5-30-01, 5:35 a.m.
BY GEOFF HOBSON
After practice lately, outside linebacker Takeo Spikes has been watching film from last year while recording all his mistakes in a spiral notebook.
So if there is one guy who knew what Tuesday's practice signified, it is Spikes.
Even if it was only a little 60-minute workout in helmet and shorts.
Even if there was only two days left in May and two voluntary practices left and seven weeks before training camp.
Here's a guy who six months to the day of the Bengals' best defensive stand of last season was upstairs two hours after practice writing down his worst moments in that 12-3 victory over Cleveland.
So you didn't have to tell Spikes it was the first time he had been on the field with middle linebacker Brian Simmons since the third quarter of last season's regular-season opener.
"No one thinks anyone thinks about stuff like that, but I do," Spikes said. "It felt good out there being beside my role dog. We hadn't been together in damn near a year. I think I bring more energy (to practice) after being out. I just felt like more guys were into it. More guys talking, more guys wanting to make that play."
On the field, Spikes (the 13th pick) and Simmons (the 18th pick) had been as close as their selections in the 1998 first round of the NFL Draft. But when Simmons ripped cartilage from his knee last year, Spikes had to go it alone the rest of the season. When Simmons returned to workouts this month, Spikes was sitting out after getting his left shoulder cleaned out in a March 27 arthroscopic surgery.
On Tuesday, they finally joined up.
"Overall, (Spikes) looked pretty damn good," said linebackers coach Mark Duffner, who had his men
together for the first time as defensive coordinator. "A little rusty, sure, but that excellent curl flat is one of the best (pass coverage drops) I've seen."
Spikes liked what he saw through the helmet for the first time. Simmons, his usually silent partner, has been more and more vocal this spring. There is a legitimate quick pass rusher at right end in No. 1 pick Justin Smith. There is more depth on the defensive line with former Vikings tackle Tony Williams. There is more experience on the other line with left tackle Richmond Webb.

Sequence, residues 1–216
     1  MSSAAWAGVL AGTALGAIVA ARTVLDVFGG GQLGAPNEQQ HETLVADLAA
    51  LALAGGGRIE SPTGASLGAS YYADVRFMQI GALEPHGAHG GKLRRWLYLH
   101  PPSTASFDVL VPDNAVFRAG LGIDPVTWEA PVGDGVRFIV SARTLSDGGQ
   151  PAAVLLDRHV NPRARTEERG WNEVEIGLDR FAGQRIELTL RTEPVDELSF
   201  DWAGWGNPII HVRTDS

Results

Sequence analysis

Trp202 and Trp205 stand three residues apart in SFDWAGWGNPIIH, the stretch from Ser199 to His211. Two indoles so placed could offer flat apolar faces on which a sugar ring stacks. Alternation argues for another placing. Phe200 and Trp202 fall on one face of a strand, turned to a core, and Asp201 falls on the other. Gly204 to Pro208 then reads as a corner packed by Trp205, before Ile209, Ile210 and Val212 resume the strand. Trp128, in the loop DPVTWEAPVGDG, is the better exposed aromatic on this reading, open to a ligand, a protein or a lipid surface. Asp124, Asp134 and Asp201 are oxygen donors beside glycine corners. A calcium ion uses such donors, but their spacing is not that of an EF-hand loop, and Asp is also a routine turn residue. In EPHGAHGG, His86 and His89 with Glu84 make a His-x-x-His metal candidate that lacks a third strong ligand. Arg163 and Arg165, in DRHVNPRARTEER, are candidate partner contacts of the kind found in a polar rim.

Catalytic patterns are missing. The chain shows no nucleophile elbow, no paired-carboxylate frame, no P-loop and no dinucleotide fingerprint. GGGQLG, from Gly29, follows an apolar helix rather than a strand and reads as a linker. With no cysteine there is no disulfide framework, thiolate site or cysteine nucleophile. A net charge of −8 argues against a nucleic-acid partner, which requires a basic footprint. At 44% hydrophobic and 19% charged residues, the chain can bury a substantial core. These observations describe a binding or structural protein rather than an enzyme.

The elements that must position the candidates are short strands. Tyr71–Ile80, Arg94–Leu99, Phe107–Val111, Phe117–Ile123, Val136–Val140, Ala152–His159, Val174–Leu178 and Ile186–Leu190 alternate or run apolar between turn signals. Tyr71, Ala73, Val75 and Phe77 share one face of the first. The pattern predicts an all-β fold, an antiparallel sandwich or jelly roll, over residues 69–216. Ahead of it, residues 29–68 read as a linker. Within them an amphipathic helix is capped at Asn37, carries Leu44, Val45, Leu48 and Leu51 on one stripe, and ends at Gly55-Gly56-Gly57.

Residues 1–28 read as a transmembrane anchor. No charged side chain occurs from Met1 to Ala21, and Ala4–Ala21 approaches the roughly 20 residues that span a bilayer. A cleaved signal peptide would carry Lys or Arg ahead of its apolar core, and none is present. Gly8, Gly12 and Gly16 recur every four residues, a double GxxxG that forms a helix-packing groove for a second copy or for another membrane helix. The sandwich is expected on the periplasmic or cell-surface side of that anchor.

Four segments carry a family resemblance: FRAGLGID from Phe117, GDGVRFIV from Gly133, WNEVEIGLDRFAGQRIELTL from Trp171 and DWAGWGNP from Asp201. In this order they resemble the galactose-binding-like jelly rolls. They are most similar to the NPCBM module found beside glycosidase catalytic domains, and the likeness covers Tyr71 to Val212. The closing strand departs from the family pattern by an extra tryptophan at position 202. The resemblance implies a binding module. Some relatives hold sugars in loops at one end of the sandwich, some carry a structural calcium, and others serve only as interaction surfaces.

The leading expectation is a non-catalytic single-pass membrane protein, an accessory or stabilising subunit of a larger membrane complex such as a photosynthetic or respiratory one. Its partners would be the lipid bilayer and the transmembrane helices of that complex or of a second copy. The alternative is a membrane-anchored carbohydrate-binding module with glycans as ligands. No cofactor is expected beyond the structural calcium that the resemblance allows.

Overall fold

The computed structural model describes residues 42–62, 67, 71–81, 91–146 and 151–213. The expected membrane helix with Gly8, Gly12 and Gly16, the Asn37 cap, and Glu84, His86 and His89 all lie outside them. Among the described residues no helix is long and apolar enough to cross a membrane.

Spikes just wanted to finally get out there in the middle of it.
"I felt rusty," he said. "I felt like the day I came into the league. I was saying, 'Damn, this speed is going quick.' I need to work on my drops in coverage.
Being able to look at the quarterback at the same time and look at the receiver, like a head on a swivel. Go back and forth. That way you don't become a wasted man. You can kind of float out of your zone to where he's looking and make the play, help somebody else out."
What is helping out Spikes is the soreness that nagged the area connecting his hip and groin much of last year is pretty much gone, although he did have to ice it down some after practice. As he watched film, the old twinge came back when he saw himself wrench it again late in the game chasing the ball out of bounds.
"I hurt it again there," said Spikes, frustrated by his inability to get to the quarterback on blitzes all during the game. "Look at that. I had no explosion in my first three steps. My motor is harder than that. I'm floating in there. That's not my motor."
Spikes has been watching all his plays from all 10 division games from 2000 and is making lists. He'll compare the notes and make one final list of his most frequent miscues and hang the paper in his locker at Georgetown College when training camp starts July 20.
At the moment, leading the final list is, "taking the initial break faster on the ball as quickly as it's thrown," and "winning one-on-one battles on the blitz."
As Spikes watched himself try to shoot through the inside of the Cleveland offensive line, he punched the clicker in agitation for a replay of one of the guards stopping him by simply raising an arm.
"See, I got to beat him, Dog, I've got to beat him," Spikes said. " I should have swatted that arm down. I've got to beat offensive linemen one-on-one. Can't anybody beat me one-on-one. You've got to beat that. That's one of the weakest points of my game is coming in on blitzes."
What Spikes doesn't lack is confidence in his team. He's been having a running e-mail and two-way pager battle with Tampa Bay wide receiver Jacquez Green, a friend from where they grew up in Georgia.
Green, Spikes, receiver Ike Hilliard, Bengals rookie receiver Chad Johnson, and some other NFL players gathered socially in Miami this past week. Spikes, knowing he was finally buckling the chinstrap this week, felt like he could dole out some words.
"I was telling them to watch out because we're coming at them," he said, "and they said, 'C'mon Spikes, you said the same thing two years ago,' and I told them I don't care, we've got the talent. I pointed at CJ and I told Jacquez, 'I've finally seen a guy who gets out of the chute as fast as you. He's made a believer in me.' And we kept going at it all weekend. I know we can play with what we've got here."
Spikes is confident he can play with what he's got in his left shoulder. It's still not easy for him to feel like he's getting full range of motion, but he's been told it's fully healed and it will come as he continues his stretching and strengthening exercises.